She’s tall and elegant with fairest face
her history dates back before these times.
She changes through all ages yet remains
mellifluous, mysterious, and fine.

She’s herald for the royals who played at war,
a gift to salve an aching mother’s heart,
a tribute from the poor when laid in prayer
a pledge of truth and troth when lovers part.

I give to you this sign of family,
a symbol of your beauty in repose.
Its lines are drawn on all you sanctify–
on vases, jewelry, furnishings and clothes.

Great love has left its imprint to disclose
and mark you as a Woman of the Rose.

Y’all may have to read this with my Texas accent. Royals and prayer should be read as a one syllable word, and jewelry as two to be “impure” iambic pentameter.  Well, that’s how I pronounce them, ok? This was written for my granddaughter Valerie’s 17th birthday. She speaks Florida, but she should understand this pretty well.

It’s being posted for Björn’s MTB article on Voltas. A Volta typically happens on line 9 of a sonnet and means a turn from the original statement of the poem.  It’s where the poem “heads home”. Here I change from the history of the rose to giving it symbolically to my granddaughter.

(c) Gay Reiser Cannon * All Rights Reserved * 02.16.15

22 thoughts on “Heritage

  1. …and mark you as a woman of the rose… i love how that changes the focus if you read again after having read the volta – makes it so much more personal and meaningful

  2. absolutely beautiful gay…it feels almost like an invocation…or indoctirnation right….into the sisterhood of the women of the rose….i like the language too … mellifluous is a cool word…i like all the little bits you pull out of history because they play up the final symbolism…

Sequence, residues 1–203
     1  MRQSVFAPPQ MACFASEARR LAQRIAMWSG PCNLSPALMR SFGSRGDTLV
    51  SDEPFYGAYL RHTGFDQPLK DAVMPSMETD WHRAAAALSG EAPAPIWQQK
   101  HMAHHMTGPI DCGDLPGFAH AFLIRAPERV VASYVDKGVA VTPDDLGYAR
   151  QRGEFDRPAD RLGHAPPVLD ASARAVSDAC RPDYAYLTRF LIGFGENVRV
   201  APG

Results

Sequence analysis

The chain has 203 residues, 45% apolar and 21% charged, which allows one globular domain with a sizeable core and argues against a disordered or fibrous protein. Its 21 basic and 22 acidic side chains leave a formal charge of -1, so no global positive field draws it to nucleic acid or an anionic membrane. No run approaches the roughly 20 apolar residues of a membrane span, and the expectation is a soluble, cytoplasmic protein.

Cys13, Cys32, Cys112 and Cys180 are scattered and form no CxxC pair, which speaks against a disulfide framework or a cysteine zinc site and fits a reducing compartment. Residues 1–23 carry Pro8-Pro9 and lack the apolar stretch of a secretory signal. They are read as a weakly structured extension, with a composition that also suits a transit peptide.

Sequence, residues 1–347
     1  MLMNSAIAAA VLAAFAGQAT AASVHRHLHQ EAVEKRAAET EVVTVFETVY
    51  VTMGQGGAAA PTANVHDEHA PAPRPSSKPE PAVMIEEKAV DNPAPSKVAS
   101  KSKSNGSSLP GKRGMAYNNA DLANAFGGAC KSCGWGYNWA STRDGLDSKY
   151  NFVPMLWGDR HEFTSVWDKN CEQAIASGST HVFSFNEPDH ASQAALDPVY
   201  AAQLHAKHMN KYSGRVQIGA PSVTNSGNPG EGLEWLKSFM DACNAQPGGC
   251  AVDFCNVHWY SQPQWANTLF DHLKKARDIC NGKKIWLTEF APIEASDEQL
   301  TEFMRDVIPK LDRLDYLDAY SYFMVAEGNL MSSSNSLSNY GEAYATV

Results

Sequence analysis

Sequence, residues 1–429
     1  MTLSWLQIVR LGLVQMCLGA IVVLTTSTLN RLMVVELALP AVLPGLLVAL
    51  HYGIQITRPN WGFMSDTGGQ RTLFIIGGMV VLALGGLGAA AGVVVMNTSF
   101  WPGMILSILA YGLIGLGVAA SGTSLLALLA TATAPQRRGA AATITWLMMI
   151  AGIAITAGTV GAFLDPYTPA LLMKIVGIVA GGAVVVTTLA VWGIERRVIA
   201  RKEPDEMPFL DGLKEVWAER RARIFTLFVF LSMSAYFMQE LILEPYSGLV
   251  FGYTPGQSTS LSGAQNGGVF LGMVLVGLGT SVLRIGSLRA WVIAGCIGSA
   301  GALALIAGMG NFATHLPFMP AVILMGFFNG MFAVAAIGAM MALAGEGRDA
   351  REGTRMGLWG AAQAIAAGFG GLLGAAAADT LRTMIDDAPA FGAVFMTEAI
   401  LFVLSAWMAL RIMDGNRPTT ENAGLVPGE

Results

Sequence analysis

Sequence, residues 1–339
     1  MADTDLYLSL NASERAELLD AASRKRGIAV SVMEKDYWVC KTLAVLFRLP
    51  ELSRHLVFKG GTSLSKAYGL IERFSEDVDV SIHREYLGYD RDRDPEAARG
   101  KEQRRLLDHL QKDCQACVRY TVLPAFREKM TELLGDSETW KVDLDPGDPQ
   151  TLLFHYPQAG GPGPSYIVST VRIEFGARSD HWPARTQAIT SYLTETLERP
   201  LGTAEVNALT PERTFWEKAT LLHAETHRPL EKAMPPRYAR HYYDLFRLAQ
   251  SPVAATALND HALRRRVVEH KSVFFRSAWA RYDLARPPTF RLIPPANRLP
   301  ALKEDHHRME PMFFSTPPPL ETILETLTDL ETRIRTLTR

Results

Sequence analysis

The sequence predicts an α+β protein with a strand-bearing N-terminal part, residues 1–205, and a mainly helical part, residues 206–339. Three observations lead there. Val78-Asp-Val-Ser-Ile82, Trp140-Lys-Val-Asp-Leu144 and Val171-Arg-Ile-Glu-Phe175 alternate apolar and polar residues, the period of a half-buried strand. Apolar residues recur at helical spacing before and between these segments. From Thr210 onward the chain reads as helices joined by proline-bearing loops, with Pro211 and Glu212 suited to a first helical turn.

ha i was just talking about you in the comments at dverse because i was afraid we would not see you…i have a treat for you…smiles.

    • In a way it is. My mother loved roses. Her father in law painted her “portrait” in oils – a huge cascade of different types of roses. She left me lots of roses in jewelry, and keepsakes. Boyfriends gave me roses, and things designed as roses, my husband followed suit, as did Ron. Those will have to go to the granddaughters. Even though with a baptismal name of Margaret, daisies should be my flower, I could not escape the heritage of roses nor can the girls of mine it seems.

  3. I really love this.. I also think you could say by describing the rose with those first 12 lines, you gave it the release in the end with giving it the name… By doing so you really made us see the rose instead of just knowing what it was.. 🙂 Great poem Gay.

  4. Wonderful! I hope you don’t mind me reading this with my long North Carolina drawl. I truly relate to this poem, being a Southern woman of long heritage. it reminds me of my grandmother showing me how to root gardenia bushes from a branch from one of the bushes in our yard. In her gentle voice telling, now you know how to make more of these for your own yard in years to come….simply beautiful. Thank you.

  5. This is beautifully done ~ I specially admire the turn in the 9th line, the heritage of beauty ~ Wow, you always amaze me Gay ~ I feel ever the student with form poetry ~

  6. Roses signifying perfumed beauty gets special treatment here. But given symbolic to happiness to the family should give emphasis and meaning especially accorded at age 16! Great write Gay!


  7. This is beautiful, just like the rose and I’m sure your granddaughter. I love that you effortlessly weaved in the word “mellifluous” — a word that sounds as beautiful as its meaning. Peace, Linda

  8. Thank you for the background information about the granddaughter or I would not have followed the last two lines. Fun stuff.
    Had a big smile thinking about the Texas accent – a beautiful accent, if I may say.

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